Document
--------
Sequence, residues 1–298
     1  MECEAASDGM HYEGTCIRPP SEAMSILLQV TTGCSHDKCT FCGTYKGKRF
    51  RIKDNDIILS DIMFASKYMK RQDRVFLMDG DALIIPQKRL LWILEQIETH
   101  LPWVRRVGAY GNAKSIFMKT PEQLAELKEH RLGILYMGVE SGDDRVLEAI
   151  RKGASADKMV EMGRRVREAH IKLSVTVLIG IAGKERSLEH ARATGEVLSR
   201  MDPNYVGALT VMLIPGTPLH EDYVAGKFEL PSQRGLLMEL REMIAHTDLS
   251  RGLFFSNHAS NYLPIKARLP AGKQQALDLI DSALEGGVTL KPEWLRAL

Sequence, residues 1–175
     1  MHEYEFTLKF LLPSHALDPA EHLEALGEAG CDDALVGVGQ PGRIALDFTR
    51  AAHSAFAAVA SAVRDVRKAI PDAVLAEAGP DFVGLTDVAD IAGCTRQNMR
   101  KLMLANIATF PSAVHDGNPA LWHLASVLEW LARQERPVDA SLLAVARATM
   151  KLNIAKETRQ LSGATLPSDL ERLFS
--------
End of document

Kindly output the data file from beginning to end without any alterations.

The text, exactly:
Sequence, residues 1–298
     1  MECEAASDGM HYEGTCIRPP SEAMSILLQV TTGCSHDKCT FCGTYKGKRF
    51  RIKDNDIILS DIMFASKYMK RQDRVFLMDG DALIIPQKRL LWILEQIETH
   101  LPWVRRVGAY GNAKSIFMKT PEQLAELKEH RLGILYMGVE SGDDRVLEAI
   151  RKGASADKMV EMGRRVREAH IKLSVTVLIG IAGKERSLEH ARATGEVLSR
   201  MDPNYVGALT VMLIPGTPLH EDYVAGKFEL PSQRGLLMEL REMIAHTDLS
   251  RGLFFSNHAS NYLPIKARLP AGKQQALDLI DSALEGGVTL KPEWLRAL

Sequence, residues 1–175
     1  MHEYEFTLKF LLPSHALDPA EHLEALGEAG CDDALVGVGQ PGRIALDFTR
    51  AAHSAFAAVA SAVRDVRKAI PDAVLAEAGP DFVGLTDVAD IAGCTRQNMR
   101  KLMLANIATF PSAVHDGNPA LWHLASVLEW LARQERPVDA SLLAVARATM
   151  KLNIAKETRQ LSGATLPSDL ERLFS